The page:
Given the current literature, we propose that a combination of an expert consultant and team members trained to various levels of proficiency in the process is perhaps the most feasible and potentially effective means for school systems to implement a state of the art FBA process. Teams should also include parents as active participants in the process, as preliminary studies suggest that the input of parents with regard to unique information regarding child behavior may significantly improve the effectiveness of the process and lead to increased generalization and maintenance of desired behaviors (Peck-Peterson, Derby, Berg, & Horner, 2002). Further, for students functioning at the level necessitating FBA and a behavioral support plan, we can assume that partnering with the family (and perhaps, the community) would improve the likelihood of positive outcomes (Scott & Eber, 2003).

Tailoring Procedures on Case-by-Case Basis

Some evidence suggests that indirect or descriptive analyses may be sufficient for determining function with many students exhibiting problem behavior (Heckaman et al., 2000). Other studies report a lack of convergence of indirect and direct assessment procedures in hypothesizing function, suggesting the need, in some cases, for using analog assessments to confirm preliminary hypotheses. Given the state of the literature, we would again posit that it is the unique aspects of the student (problem severity, history of patterns of behavior), classroom (teacher skills and training), and school (expertise of team members in FBA) that dictate the rigorousness of the procedures needed and the ability of the team to conduct a meaningful FBA. Behavior analysts would likely recommend that even in applied settings with milder problem behaviors, functional analysis is required in order to maximize the likelihood that the true function(s) of behavior are determined. School personnel and practitioners would indicate that, unless procedures fit within the ecology of the school and district, they will not be implemented with integrity. Our position follows that of Yeaton and Sechrest (1981) when designing interventions: use the "weakest that works." In this mode, we include a discussion of promising indirect assessment measures next.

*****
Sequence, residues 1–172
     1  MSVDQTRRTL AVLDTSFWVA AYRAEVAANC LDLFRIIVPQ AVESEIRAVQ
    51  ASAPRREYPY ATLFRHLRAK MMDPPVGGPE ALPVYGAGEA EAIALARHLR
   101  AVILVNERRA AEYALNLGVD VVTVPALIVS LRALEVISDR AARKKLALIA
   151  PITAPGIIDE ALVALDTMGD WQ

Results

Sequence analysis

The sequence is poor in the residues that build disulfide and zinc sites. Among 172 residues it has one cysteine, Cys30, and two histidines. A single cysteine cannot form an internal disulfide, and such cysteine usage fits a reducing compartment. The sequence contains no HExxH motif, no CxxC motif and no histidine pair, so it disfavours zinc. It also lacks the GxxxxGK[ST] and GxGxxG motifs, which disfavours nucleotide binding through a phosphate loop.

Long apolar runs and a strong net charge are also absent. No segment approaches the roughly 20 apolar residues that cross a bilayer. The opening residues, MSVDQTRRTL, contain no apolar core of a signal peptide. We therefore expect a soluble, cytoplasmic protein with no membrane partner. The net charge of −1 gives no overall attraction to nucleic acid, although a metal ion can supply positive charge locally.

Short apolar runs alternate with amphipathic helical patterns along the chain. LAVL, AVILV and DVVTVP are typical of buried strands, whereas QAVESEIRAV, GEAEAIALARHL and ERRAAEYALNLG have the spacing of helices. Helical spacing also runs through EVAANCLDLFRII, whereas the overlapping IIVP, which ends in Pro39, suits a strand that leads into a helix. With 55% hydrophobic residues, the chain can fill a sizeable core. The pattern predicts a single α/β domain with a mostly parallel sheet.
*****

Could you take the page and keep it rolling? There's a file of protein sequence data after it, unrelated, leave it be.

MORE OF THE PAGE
When considering state of the art in selecting assessment methods, a review of the limited validity and reliability literature on a small number of the indirect instruments lends to narrow recommendations for state of the art in the area of assessment. We direct our focus to indirect measures, as they have the most promise in terms of consistent use by school-based teams. The FAI, an interview for parents, teachers, and caregivers has been extensively used in practice and research and several articles have analyzed its validity and reliability (see Floyd et al., 2005 for a review). The FAI gathers information about the individual child's problem behaviors, the setting in which they occur, the antecedents and consequences that may be attributed to the maintenance of the behaviors, and possible ways that the behaviors gain reinforcement. The FAI allows the evaluator and teacher or caregiver to determine hypotheses about the functions of the identified problem behaviors. It is recommended because of the number of studies published on its validity, its thoroughness, popularity, and usefulness in generating hypotheses.

Another consideration in building a state of the art model of FBA would include procedures that are made easier because of technology. A new and promising assessment instrument is the FAIP. The FAIP is a computerized indirect assessment tool that allows the practitioner or teacher to answer questions in interview form that will subsequently create a profile of the child, his or her deficits, and the maintaining antecedent or consequential events. Unique to the FAIP is that it also will generate a list of empirically supported interventions fitted to the child's problem areas. Hartwig, and colleagues (2004) found that the FAIP had good test-retest reliability and adequate interrater reliability and concurrent validity. Convergence with other indirect assessments was also adequate. Further, consumers using the FAIP found it to be the most useful when compared to two other common indirect instruments; it was clear in its instructions, provided useful interventions, had high convergence with each practitioners' opinions, and provided new and useful knowledge about behaviors and their functions.